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All about Lyndsay

“I started my pageant journey with Miss V, competing in the inaugural year of 2017. Initially, I entered as moral support for Laura Davis, my best friend and fellow competitor.

At the time I had absolutely no confidence in myself. I’d not long come out of a traumatic breakup and was suffering with PTSD following that event. I’d also not long been diagnosed with Clinical Depression and Generalised Anxiety Disorder, so didn’t know if putting myself under the pressure of a competition was the right thing for me, but I wanted to return the many favours that Laura had done for me during the aftermath of my split.

After a couple of weeks connecting with the most amazing people I’d ever met and learning about how pageants work, I was hooked. I found that working to help my community and with charity events was so empowering and gave me a purpose when I didn’t have one at that point in time. It actually made me feel like a worthwhile human being after being made to feel so worthless.

I’d decided that I wanted my platform to be mental health awareness because I’d learnt first hand how difficult it is to get the right help you need as quickly as you need it. I had to fight to get counselling and medication to help me through.

The finals came far too quickly and I didn’t feel as prepared as I should have been. Even though I felt so self-conscious for the whole weekend, I learned that I could do anything I put my mind to. Not only did I exceed all of my own expectations, but with the love and support of my fabulous sisters and director I had the time of my life, gained so much confidence in my abilities and made Top 10 in my first ever pageant. I was utterly gobsmacked.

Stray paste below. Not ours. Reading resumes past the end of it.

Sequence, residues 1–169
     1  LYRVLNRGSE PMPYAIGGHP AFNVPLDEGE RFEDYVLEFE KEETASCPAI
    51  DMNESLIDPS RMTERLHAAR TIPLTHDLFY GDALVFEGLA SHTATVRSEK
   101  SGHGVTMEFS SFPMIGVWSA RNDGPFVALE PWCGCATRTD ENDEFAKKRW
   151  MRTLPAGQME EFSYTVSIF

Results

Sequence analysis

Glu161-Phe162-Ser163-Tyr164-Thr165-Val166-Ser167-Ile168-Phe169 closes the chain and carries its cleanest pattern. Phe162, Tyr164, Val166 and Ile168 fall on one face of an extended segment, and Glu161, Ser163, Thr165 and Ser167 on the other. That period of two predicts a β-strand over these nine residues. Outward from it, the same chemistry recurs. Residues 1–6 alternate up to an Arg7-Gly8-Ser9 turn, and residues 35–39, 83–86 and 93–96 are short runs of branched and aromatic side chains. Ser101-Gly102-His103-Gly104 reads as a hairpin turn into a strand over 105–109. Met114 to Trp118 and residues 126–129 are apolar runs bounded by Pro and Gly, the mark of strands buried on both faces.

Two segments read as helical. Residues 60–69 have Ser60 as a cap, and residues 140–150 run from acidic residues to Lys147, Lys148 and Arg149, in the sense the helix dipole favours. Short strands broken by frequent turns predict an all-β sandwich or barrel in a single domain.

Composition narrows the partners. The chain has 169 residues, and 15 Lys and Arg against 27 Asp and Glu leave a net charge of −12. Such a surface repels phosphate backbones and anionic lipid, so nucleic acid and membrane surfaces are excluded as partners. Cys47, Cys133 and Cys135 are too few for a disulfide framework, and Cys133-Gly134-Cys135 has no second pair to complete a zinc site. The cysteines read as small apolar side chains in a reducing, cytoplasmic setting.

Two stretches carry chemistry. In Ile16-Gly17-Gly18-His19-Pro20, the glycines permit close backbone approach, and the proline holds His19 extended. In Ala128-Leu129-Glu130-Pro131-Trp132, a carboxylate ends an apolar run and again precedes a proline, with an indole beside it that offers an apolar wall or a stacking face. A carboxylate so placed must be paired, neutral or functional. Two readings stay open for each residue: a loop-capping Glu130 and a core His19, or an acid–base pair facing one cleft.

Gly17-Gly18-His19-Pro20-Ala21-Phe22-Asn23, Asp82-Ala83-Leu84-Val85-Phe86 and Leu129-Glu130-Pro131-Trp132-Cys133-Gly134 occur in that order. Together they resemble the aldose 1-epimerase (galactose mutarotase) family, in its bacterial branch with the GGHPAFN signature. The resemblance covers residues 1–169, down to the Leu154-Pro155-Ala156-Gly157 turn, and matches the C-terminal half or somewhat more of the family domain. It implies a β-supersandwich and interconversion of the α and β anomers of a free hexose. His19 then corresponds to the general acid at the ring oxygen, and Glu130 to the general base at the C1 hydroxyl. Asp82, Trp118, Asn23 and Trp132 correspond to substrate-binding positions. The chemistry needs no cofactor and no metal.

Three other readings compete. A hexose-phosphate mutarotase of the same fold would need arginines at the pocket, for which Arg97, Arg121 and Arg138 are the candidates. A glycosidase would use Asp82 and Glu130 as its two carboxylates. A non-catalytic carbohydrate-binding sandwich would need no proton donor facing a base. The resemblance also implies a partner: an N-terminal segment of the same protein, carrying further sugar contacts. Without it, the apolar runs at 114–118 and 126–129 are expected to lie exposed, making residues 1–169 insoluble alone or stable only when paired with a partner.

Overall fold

I applied for 2018 immediately as I’d definitely caught the bug, but unfortunately had to withdraw after my mental health took a turn for the worst. I had a breakdown and, in the midst of all that, I was diagnosed with Borderline Personality Disorder, which took me a long time to come to terms with. It was a mental health condition I’d have for life.

However, with a lot of blood, sweat and tears, medication and psychotherapy, I felt well enough to help out with the 2019 Miss V Grand Final in Warrington. It was an amazing experience to see everyone again, meet new people and it was almost as if I’d never left. It felt like coming home.

This spurred me on to apply for 2020 with personality disorders as my mental health platform focus and here I am! Living my greatest life, with the greatest people, helping people to get the help that I struggled to get and working hard towards the crown that I now know for certain that I deserve.

I am worthy of a title, whenever that may come. If it doesn’t come this year, I’ll keep coming back because Miss V is a family.”

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